Though Most recent to give you an idea.
    We recently did a major upgrade to the Windows 2003 Server and WIndows Xp workstations

    Our network had been mostly comprised of this.
    Windows 2000 Server. Windows NT4 workstations.
    Also A few Win98 workstations depending on what tasks the people were doing.

    Patches- we test all the patches on a few machines before patching all of them. (normally if it is a very bad threat) we can limit which machines actually see the outside world.

  • User profile image
    n_bailie

    I'm afraid i agree, whenever the company i work for buys in new PC's we generally take the OS that it comes with.  We'll then patch it and set it up for the user.

    Thankfully we are now using SUS for patching so it makes things a lot easier.

    As for upgrading existing PC's to XP it doesn't happen unless a fault requires it.  Even then it can sometimes be more cost effective to buy in a new PC with Win XP, than buy the license, a new hard disk and a memory upgrade for a system that will need replaced in 1 or 2 yrs time.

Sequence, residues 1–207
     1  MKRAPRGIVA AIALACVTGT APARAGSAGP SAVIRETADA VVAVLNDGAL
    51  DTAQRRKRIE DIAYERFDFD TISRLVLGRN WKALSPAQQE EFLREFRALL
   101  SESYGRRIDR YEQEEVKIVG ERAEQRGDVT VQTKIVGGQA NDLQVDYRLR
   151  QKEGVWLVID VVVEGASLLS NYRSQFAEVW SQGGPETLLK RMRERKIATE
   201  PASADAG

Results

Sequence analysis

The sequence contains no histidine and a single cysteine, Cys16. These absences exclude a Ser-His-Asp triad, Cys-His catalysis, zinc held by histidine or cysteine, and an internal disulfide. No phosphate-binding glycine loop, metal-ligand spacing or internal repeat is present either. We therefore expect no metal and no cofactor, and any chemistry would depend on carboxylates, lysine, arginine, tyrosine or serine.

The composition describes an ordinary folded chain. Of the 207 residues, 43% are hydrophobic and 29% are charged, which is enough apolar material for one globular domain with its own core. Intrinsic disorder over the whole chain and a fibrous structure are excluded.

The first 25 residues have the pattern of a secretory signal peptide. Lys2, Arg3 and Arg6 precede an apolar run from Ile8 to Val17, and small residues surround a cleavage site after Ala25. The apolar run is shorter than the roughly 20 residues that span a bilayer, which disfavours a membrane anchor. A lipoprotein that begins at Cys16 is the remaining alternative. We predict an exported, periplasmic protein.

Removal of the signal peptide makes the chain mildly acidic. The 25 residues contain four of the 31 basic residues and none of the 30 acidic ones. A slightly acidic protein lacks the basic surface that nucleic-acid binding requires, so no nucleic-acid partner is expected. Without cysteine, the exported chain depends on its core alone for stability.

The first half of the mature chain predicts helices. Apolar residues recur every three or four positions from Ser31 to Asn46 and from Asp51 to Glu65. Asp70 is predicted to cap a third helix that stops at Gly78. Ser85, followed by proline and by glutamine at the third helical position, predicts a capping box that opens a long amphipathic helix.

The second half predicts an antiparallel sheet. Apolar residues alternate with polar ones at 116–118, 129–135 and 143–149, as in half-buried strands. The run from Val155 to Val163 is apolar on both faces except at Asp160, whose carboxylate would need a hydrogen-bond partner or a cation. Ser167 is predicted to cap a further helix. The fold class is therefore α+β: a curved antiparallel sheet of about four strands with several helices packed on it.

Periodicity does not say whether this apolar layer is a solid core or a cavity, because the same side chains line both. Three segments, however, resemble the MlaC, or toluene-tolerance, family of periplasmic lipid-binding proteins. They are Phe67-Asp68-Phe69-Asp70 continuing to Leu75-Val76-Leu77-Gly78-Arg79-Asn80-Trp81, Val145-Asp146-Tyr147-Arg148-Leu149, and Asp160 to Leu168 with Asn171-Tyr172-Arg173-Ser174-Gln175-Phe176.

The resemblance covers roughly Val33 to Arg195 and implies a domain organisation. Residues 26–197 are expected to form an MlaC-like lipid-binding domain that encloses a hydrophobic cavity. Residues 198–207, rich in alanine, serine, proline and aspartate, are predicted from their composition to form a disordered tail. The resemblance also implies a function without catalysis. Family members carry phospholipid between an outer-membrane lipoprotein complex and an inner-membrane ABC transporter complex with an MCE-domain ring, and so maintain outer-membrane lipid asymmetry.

If we had the time and money to upgrade all the OS's and PC's i'd be for it.

    As for backend server systems they are very rarely upgraded.  Chances are if the system is stable and provides the functionality we require we see no reason to upgrade, even if a newer OS will provide additional features.

  • User profile image
    eagle

    I hate the term "patches" when it is used to convay a software upgrade. It has too many other connotations: